update Updates your dependencies to the latest version according to composer.json, and updates the composer.lock file.
    validate Validates a composer.json and composer.lock
    why Shows which packages cause the given package to be installed
    why-not Shows which packages prevent the given package from being installed

    # Benefits of Using Composer

    Composer tracks which versions of packages you have installed in a file called composer.lock, which is intended to be committed to version control, so that when the project is cloned in the future, simply running composer install will download and install all the project's dependencies.

    Composer deals with PHP dependencies on a per-project basis. This makes it easy to have several projects on one machine that depend on separate versions of one PHP package.

    Composer tracks which dependencies are only intended for dev environments only

    composer require --dev phpunit/phpunit

    Composer provides an autoloader, making it extremely easy to get started with any package. For instance, after installing Goutte (opens new window) with composer require fabpot/goutte, you can immediately start to use Goutte in a new project:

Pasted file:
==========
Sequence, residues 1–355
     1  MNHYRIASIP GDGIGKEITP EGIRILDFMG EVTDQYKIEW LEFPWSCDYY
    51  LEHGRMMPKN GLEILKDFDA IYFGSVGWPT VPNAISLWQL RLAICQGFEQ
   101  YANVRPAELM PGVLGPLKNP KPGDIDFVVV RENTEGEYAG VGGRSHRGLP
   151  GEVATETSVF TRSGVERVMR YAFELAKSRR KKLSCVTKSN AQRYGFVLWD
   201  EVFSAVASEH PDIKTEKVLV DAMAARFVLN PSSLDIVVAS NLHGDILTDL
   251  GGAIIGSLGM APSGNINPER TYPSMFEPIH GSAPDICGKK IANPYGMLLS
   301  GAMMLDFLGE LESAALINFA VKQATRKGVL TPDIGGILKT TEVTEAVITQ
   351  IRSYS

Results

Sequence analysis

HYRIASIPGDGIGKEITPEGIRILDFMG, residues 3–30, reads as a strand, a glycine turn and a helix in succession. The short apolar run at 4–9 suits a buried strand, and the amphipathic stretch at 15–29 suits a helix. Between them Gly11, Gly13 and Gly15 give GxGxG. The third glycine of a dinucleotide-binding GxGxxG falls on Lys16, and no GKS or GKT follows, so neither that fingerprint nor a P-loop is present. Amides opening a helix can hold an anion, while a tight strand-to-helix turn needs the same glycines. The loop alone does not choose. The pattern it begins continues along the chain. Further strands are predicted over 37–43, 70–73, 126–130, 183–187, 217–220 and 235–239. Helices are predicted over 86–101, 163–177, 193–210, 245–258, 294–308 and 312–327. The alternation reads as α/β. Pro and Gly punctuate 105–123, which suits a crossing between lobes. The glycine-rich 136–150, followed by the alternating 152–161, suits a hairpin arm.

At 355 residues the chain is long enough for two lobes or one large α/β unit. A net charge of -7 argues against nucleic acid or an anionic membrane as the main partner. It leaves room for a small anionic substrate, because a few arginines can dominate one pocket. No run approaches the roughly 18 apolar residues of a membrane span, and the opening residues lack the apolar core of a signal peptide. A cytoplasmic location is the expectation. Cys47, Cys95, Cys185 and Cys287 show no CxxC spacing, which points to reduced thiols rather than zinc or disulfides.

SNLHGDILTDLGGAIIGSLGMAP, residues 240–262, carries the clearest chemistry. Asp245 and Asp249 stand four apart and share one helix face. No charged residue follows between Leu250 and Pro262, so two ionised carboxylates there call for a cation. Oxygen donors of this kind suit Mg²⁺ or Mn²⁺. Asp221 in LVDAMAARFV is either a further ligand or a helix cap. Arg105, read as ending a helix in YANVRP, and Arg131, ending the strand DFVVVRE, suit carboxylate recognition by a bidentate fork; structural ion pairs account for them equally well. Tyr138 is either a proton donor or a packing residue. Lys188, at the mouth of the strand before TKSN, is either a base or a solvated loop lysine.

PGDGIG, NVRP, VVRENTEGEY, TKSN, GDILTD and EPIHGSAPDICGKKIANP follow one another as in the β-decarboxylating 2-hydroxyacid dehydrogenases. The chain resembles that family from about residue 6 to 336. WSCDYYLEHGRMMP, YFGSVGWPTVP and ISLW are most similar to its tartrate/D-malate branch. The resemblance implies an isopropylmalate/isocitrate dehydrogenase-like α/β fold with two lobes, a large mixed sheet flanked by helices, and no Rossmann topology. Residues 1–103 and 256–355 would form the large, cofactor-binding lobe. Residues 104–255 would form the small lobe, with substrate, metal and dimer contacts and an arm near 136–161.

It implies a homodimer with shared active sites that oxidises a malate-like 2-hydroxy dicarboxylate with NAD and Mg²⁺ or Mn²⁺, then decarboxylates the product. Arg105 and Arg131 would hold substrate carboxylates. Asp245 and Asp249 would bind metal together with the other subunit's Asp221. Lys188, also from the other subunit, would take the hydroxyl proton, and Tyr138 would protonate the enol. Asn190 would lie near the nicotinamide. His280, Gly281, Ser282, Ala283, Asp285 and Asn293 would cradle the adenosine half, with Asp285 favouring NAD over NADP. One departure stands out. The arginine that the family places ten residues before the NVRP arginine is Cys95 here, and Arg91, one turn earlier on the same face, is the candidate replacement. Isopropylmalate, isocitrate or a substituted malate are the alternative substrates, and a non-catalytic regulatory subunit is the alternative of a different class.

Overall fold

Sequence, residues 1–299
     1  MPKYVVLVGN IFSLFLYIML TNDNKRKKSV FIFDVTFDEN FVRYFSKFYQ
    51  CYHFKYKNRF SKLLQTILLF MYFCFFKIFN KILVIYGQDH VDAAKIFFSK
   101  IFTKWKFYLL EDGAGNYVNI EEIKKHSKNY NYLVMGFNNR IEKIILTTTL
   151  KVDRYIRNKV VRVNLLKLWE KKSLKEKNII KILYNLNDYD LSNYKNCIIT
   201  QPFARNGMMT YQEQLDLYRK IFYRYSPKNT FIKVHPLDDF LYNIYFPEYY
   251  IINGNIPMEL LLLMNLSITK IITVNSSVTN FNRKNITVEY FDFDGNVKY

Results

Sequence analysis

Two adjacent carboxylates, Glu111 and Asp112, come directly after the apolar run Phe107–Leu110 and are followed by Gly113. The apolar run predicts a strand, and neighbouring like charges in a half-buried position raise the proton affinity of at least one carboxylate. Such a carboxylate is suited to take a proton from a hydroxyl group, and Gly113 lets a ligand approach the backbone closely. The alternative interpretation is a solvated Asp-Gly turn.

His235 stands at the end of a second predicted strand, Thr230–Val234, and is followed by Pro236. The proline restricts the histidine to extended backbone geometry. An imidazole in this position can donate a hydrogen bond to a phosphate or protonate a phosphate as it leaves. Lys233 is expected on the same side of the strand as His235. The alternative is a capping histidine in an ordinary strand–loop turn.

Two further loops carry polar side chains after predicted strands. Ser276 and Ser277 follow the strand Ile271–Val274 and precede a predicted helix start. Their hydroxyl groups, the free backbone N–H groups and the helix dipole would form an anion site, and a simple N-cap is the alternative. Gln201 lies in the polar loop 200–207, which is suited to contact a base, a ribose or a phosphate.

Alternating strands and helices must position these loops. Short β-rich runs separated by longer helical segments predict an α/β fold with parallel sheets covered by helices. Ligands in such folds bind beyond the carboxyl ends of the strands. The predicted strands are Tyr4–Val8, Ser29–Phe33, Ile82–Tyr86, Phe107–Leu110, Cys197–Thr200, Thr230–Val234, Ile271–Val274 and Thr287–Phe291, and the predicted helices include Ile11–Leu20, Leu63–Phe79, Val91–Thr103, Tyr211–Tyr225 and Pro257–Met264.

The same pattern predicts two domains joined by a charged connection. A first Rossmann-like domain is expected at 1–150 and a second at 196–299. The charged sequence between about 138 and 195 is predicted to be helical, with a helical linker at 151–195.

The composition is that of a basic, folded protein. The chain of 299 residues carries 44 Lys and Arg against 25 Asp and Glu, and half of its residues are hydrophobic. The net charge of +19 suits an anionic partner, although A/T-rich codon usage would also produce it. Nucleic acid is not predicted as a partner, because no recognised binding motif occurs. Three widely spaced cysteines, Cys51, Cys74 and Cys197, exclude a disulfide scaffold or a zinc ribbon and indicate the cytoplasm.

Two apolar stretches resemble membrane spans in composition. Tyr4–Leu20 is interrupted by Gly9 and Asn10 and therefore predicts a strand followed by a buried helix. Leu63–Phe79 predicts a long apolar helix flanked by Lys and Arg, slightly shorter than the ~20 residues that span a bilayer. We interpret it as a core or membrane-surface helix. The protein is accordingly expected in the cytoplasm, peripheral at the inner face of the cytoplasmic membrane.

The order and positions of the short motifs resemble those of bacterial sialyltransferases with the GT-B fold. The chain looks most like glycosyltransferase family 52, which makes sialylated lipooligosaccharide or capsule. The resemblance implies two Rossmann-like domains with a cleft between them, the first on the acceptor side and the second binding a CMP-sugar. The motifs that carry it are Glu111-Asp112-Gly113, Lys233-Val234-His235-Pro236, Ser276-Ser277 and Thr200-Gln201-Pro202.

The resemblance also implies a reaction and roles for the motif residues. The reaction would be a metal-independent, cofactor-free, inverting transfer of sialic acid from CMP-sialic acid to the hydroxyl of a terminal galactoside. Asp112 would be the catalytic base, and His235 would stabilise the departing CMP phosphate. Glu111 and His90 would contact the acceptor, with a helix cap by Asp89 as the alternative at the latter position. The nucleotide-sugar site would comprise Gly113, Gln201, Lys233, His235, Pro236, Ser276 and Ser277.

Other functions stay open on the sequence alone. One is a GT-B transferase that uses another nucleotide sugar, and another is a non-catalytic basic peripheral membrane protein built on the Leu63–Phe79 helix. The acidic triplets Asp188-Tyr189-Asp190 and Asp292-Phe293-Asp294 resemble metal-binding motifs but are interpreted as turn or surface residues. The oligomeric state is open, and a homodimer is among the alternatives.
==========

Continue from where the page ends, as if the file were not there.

require __DIR__ . '/vendor/autoload.php';
    $client = new Goutte\Client();
    // Start using Goutte

    Composer allows you to easily update a project to the latest version that is allowed by your composer.json. EG. composer update fabpot/goutte, or to update each of your project's dependencies: composer update.

    # Installation

    You may install Composer locally, as part of your project, or globally as a system wide executable.

    # Locally

    To install, run these commands in your terminal.

    php -r "copy('https://getcomposer.org/installer', 'composer-setup.php');"